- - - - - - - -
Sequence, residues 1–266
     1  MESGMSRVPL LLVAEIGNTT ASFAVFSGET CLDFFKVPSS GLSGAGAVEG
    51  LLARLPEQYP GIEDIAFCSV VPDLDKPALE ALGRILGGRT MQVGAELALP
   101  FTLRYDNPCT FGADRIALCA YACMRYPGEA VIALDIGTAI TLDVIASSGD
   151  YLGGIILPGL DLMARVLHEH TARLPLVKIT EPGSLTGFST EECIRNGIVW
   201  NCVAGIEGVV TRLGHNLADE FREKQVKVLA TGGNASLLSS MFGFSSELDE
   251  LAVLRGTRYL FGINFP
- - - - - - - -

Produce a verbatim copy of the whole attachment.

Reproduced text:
Sequence, residues 1–266
     1  MESGMSRVPL LLVAEIGNTT ASFAVFSGET CLDFFKVPSS GLSGAGAVEG
    51  LLARLPEQYP GIEDIAFCSV VPDLDKPALE ALGRILGGRT MQVGAELALP
   101  FTLRYDNPCT FGADRIALCA YACMRYPGEA VIALDIGTAI TLDVIASSGD
   151  YLGGIILPGL DLMARVLHEH TARLPLVKIT EPGSLTGFST EECIRNGIVW
   201  NCVAGIEGVV TRLGHNLADE FREKQVKVLA TGGNASLLSS MFGFSSELDE
   251  LAVLRGTRYL FGINFP